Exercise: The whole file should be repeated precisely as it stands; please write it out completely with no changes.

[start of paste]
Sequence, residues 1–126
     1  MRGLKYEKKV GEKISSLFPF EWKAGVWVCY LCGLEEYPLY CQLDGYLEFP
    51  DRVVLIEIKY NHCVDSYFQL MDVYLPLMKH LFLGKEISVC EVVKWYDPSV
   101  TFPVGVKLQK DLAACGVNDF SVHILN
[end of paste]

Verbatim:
Sequence, residues 1–126
     1  MRGLKYEKKV GEKISSLFPF EWKAGVWVCY LCGLEEYPLY CQLDGYLEFP
    51  DRVVLIEIKY NHCVDSYFQL MDVYLPLMKH LFLGKEISVC EVVKWYDPSV
   101  TFPVGVKLQK DLAACGVNDF SVHILN